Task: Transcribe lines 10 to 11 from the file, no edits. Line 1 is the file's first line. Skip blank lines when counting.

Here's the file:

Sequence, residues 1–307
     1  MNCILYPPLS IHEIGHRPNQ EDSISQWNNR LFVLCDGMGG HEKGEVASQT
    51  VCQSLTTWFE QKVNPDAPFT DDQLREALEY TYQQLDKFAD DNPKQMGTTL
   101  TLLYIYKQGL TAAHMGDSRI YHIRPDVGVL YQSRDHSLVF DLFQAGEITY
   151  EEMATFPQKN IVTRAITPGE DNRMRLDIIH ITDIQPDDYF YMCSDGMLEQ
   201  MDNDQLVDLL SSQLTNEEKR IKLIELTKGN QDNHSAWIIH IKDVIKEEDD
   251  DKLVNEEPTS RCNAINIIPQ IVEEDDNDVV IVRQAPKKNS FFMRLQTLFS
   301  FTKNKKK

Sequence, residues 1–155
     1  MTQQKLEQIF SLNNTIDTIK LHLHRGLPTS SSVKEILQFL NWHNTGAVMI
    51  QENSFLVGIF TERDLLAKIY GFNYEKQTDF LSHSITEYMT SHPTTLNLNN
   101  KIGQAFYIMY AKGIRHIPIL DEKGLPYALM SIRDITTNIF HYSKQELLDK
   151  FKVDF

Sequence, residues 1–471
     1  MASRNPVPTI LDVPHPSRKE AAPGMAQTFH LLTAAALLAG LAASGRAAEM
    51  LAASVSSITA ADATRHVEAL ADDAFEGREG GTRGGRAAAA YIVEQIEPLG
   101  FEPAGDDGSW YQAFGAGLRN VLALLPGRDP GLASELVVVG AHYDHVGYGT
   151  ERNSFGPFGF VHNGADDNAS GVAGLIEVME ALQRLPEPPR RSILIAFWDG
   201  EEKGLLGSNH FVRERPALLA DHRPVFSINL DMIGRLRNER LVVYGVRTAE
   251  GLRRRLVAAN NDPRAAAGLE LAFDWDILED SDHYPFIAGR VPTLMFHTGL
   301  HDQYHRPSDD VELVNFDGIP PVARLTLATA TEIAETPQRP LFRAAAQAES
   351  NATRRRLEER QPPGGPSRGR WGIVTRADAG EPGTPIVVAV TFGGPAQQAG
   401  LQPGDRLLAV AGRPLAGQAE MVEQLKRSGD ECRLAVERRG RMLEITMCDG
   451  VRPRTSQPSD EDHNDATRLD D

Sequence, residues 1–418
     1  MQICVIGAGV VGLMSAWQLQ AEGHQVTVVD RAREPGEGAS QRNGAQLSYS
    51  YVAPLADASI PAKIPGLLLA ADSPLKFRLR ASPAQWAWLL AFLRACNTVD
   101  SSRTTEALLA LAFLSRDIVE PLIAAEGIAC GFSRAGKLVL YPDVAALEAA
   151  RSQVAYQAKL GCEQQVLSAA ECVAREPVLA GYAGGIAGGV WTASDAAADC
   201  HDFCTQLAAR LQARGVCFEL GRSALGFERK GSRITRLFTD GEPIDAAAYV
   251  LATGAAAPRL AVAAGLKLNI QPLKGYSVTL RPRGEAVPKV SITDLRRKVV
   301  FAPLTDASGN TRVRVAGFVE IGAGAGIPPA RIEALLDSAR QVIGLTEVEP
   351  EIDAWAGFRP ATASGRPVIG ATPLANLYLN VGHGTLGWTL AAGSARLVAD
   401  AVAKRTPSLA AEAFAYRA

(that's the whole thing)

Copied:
     1  MTQQKLEQIF SLNNTIDTIK LHLHRGLPTS SSVKEILQFL NWHNTGAVMI
    51  QENSFLVGIF TERDLLAKIY GFNYEKQTDF LSHSITEYMT SHPTTLNLNN